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Representation 2 2012


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  • 1. Theories of Representation Looking at Gender
  • 2. Representation of Women in Film The treatment of women in film is related to the broader historical context, the stereotypes depicted, the extent to which the women were shown as active or passive, and the amount of screen time given to women.
  • 3. Laura Mulvey • Mulvey’s work is influenced by the theories of Sigmund Freud and Jacques Lacan • She suggested that women are objectified and connoted “to-be-looked-at-ness” in films. • They become an object of desire and are positioned for the erotic pleasure of the male viewer. • They are positioned for the ‘male gaze’ • Mulvey suggests that there were two distinct modes of the male gaze: "voyeuristic" (i.e. seeing women as 'whores') and "fetishistic" (i.e. seeing women as 'madonnas').
  • 4. Molly Haskell: From Reverence to Rape 1974 Woman's film characters • Three types of women characters appear in the woman's film, according to Haskell: (160-62) The Extraordinary woman – For example, characters played by Katharine Hepburn and Bette Davis. – These women portray strong, powerful figures. The Ordinary woman – These women are common, passive, and often a victim. – They are precursors to soap opera characters. The Ordinary who becomes extraordinary woman. – The victims who rise, or endure.
  • 5. • She suggests that women in films are concerned with both the domestic and the romantic are they are both entwined • She outlines the following narrative themes that women are involved in; • Sacrifice: – A woman must sacrifice herself for her children. – Her children for their own welfare. – Marriage for her lover. – Her lover for marriage or for his own welfare. – Her career for love. – Love for her career. • Affliction: – Women holds a secret. An illness or disease. – Martyrdom is proportionate to guilt.(170) • Choice: – Normally two suitors. – Commonly the male is only curable by "her." The man is a clergyman or confirmed bachelor. • Competition: – The heroine must do battle with the woman whose (husband, fiance, lover) she loves.
  • 6. Carol Clover Men, Women and Chainsaws. •According to Clover, the final girl is typically sexually unavailable or virginal, avoiding the vices of the victims – de-sexualized so not to have sexual appeal to males. •She sometimes has a unisex name(e.g., Teddy, Billie, Georgie, Sidney). Thus, making some affiliation with males. •During the final girl’s confrontation with the killer, Clover argues, she becomes masculinized through "phallic appropriation" by taking up a weapon, such as a knife or chainsaw against the killer. Again, suggesting that whilst women can be heroic and independent they depend on men. •Clover argues that for a film to be successful, although the Final Girl is masculinized, it is necessary for this surviving character to be female, because she must experience abject terror, and many viewers would reject a film that showed abject terror on the part of a male. So masculinity is still championed.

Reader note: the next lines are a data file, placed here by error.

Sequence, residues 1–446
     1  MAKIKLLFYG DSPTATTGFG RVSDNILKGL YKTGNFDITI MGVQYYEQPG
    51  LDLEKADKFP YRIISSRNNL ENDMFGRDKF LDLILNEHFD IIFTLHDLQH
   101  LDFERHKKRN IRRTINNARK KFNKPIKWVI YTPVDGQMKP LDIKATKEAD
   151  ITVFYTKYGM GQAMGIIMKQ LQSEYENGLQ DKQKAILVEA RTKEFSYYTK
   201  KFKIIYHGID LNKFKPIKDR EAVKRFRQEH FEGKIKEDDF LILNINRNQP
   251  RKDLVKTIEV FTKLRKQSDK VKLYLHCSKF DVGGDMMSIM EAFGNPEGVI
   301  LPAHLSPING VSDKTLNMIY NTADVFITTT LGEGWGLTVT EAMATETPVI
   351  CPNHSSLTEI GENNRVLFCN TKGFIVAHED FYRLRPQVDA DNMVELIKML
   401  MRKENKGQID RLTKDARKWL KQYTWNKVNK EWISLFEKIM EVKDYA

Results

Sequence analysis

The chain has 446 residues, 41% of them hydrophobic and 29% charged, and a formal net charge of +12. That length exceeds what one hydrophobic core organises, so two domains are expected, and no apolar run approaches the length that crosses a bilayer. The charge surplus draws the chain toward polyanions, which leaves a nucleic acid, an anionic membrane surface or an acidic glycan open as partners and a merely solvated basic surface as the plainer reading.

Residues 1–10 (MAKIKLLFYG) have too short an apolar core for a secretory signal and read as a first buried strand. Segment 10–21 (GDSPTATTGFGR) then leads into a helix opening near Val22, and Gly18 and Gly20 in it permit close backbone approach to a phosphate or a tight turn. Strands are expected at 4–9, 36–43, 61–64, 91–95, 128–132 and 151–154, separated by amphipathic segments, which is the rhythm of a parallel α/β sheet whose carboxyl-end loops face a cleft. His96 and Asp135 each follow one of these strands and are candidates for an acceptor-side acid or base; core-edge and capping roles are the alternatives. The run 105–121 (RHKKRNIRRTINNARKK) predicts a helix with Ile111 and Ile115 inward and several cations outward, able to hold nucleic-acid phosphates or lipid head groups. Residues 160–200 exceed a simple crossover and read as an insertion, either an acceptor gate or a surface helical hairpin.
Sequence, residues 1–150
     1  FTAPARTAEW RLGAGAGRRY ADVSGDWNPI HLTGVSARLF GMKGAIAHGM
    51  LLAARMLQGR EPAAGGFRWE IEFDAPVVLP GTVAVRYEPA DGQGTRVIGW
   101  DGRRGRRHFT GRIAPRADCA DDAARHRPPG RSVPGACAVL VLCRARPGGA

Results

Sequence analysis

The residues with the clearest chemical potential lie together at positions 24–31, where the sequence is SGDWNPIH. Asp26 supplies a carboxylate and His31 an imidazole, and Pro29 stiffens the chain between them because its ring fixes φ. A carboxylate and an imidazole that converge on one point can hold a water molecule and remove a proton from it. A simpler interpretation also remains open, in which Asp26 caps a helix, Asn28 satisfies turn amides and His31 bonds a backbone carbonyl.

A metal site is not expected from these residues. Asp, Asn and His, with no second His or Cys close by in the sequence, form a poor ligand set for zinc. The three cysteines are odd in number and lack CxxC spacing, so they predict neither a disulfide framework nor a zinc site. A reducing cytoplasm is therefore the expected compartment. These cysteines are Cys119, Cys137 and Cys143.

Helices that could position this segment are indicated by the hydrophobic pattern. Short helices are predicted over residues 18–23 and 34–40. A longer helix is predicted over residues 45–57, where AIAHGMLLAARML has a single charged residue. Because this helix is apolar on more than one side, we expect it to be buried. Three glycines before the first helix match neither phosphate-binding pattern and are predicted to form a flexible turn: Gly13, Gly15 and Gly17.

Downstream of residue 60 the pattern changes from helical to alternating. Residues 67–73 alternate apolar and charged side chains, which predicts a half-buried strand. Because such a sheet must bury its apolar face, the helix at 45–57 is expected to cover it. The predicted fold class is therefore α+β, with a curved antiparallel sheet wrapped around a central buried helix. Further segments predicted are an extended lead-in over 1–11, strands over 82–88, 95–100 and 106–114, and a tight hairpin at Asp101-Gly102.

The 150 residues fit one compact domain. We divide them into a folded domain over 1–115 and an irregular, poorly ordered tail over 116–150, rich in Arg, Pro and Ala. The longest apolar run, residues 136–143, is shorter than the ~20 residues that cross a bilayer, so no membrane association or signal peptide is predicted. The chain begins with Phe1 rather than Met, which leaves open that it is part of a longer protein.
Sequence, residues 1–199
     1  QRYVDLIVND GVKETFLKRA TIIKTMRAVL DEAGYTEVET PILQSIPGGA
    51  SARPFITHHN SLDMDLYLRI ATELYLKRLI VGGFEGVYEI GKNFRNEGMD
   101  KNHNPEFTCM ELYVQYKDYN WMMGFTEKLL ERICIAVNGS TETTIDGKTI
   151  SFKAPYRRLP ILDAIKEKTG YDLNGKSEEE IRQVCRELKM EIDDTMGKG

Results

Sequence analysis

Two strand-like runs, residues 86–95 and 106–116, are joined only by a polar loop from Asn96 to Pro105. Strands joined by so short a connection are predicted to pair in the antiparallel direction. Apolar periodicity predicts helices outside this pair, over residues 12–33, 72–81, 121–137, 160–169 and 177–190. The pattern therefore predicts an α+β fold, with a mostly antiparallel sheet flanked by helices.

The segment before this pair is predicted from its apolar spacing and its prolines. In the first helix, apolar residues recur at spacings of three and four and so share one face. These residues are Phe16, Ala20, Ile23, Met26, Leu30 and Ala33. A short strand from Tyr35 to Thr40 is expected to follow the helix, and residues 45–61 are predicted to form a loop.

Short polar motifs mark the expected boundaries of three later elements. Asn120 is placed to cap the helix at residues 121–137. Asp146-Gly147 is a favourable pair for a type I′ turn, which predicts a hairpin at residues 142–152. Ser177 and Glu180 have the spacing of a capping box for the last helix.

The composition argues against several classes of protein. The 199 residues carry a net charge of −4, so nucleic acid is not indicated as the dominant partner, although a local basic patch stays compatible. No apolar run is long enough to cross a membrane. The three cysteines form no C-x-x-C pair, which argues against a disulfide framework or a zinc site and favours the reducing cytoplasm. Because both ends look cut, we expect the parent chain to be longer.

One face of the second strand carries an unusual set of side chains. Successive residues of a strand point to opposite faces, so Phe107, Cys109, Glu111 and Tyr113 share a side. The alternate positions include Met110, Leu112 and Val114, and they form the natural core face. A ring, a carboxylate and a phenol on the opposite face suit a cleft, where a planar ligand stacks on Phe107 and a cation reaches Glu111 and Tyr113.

• 7. Masculinity • The more closely that a man conforms to expected and what we have all come to accepts as traditional characteristics of masculinity, the closer he is to being a “real man.” As Brannon pointed out, the pressure is strong to live up to this idealization of masculinity. • Connell suggests that one version of masculinity is sanctioned as the one to which men should adhere, which he termed hegemonic masculinity. This version of masculinity attempts to subordinate femininity as well as less accepted versions of masculinity, such as male homosexuality. It is one that champions patriarchal control and one which Western society has come to “normalize” and manipulate society to view as “common sense”. • Bereska (2003) argues that despite masculinity undergoing drastic changes in recent times,evidence indicates little change in hegemonic masculinity and strong representation of the four themes of the male sex role (stoic, aggressive, dependable and not feminine).
  • 8. Hegemonic masculinity • Hegemonic masculinity is competitive and reflects a tendency for males to seek to dominate other males and subordinate females • Characteristics such as drive, ambition, claims to self-reliance, and heterosexuality. • McCormack defines other hegemonic traits: “homophobic, misogynistic, and aggressive
  • 9. Hypermasculinity • Hypermasculinity is a term for the exaggeration of male stereotypical behaviour, such as an emphasis on physical strength, aggression, body hair, body odour, and virility. • Mosher and Sirkin (1984) have operationally defined hypermasculinity or the “macho personality" as consisting of the following three variables: a) "callous sexual attitudes toward women", b) "the belief that violence is manly", and c) "the experience of danger as exciting"
  • 10. TASK Create spider diagrams for the characters in your trailer. Note down key terms that describe their personality/representation then outline how each of these aspects has been constructed (sound, cinematography, editing and mise-en scene).